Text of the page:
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The Hispanic and Luso-Brazilian World: From Mad Queen to Martyred Saint: The Case of Juana La Loca Revisited in History and Art on the Occasion of the 450th Anniversary of Her Death
Vol. 90, No. 1 (Mar., 2007), pp. 165-172
Stable URL: http://www.jstor.org/stable/20063477
Page Count: 8
You can always find the topics here!Topics: Queens, Mental disorders, Genetic inheritance, Grandmothers, Schizophrenia, Sons, Mothers, Theater, Fathers, Daughters
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In seeking a sense of the enigmas surrounding Juana la Loca's historical circumstances, one is faced with three different theories: Michael Prawdin's, which rejects any sort of mental illness from which Juana may have been suffering, Ludwig Pfandl's heredity theory which traces a direct genetic link of mental illness beginning with Juana's grandmother, Isabella of Portugal, and ending with Juana's great-gradson the Prince Don Carlos, and Townson Miller's more balanced theory which on the one hand does not rule out a mild or latent precocious dementia or schizophrenia Juana may have inherited or, on the other, the physical and mental mistreatment suffered by the Queen of Castile at the hands of her husband, Philip the Handsome, followed by her father Ferdinand, the Catholic, and ending with her son Charles V, of the Holy Roman Empire. This mistreatment which Juana endured for over half her lifetime proved much more consequential, according to Miller, in pushing her over the edge. Artistic portrayals of Juana follow a similar divergence of perspectives, ranging from a woman consumed with jealous rages, paranoia, suicidal urges and a tendency toward necrophilia to "Santa Juana, la mártir" elevated to near-mystical status. Regardless of which theory one prefers, in the face of a virtual labyrinth of speculation, open-ended questions and contradiction, one reality remains forever cemented in history and in art: Juana's absolute resilience of spirit and steadfastness of moral character which even in recent years continue to propel her legacy beyond the web of material greed and political intrigue in which, ironically, her captors and abusers themselves became entangled.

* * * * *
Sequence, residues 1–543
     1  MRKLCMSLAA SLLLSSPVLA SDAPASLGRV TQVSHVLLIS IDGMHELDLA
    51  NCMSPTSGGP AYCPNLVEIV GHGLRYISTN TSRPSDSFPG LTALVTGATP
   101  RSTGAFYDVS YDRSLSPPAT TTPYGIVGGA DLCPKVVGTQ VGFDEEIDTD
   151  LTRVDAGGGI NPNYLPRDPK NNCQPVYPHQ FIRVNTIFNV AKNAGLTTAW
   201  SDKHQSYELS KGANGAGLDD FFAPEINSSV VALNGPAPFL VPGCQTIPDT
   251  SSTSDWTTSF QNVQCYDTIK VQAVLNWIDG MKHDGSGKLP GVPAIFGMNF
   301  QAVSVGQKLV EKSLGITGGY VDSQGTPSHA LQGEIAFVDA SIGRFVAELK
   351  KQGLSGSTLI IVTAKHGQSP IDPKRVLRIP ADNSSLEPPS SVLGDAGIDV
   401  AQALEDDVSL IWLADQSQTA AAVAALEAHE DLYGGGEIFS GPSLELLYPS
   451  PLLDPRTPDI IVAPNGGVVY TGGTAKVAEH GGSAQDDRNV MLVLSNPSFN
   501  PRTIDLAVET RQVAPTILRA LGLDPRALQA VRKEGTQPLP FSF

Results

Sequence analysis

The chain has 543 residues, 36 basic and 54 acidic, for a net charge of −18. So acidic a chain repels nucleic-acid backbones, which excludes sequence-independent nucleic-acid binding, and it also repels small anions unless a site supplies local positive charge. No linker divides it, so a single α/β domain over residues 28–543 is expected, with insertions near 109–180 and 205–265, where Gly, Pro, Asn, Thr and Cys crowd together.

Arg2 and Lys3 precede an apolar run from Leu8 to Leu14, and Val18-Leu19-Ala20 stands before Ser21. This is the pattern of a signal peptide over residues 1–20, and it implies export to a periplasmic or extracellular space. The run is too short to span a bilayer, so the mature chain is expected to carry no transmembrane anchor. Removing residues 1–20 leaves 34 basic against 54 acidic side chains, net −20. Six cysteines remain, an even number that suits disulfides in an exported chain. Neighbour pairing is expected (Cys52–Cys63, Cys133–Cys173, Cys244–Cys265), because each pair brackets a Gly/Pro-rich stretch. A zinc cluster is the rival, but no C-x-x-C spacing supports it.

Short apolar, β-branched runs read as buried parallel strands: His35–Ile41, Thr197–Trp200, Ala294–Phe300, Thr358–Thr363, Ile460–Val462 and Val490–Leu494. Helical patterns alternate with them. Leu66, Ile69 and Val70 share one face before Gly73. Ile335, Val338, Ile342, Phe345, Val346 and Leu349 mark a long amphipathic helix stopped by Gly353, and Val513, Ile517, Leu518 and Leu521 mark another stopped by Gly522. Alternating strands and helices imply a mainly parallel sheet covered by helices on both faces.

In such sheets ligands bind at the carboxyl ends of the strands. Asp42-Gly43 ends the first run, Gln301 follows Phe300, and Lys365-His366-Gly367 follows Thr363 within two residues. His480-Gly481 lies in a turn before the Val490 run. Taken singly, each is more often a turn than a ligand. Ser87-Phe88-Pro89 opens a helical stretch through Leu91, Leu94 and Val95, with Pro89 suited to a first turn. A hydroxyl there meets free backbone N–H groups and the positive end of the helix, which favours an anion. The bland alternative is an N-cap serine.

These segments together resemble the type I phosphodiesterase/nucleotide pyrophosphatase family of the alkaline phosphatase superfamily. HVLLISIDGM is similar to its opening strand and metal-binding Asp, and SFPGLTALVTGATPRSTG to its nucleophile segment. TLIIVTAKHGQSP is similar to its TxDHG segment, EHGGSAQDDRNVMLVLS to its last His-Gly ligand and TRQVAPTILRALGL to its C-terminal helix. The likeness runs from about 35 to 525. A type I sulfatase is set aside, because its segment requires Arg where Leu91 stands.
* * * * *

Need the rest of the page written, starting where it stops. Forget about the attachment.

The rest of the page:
Hispania © 2007 American Association of Teachers of Spanish and Portuguese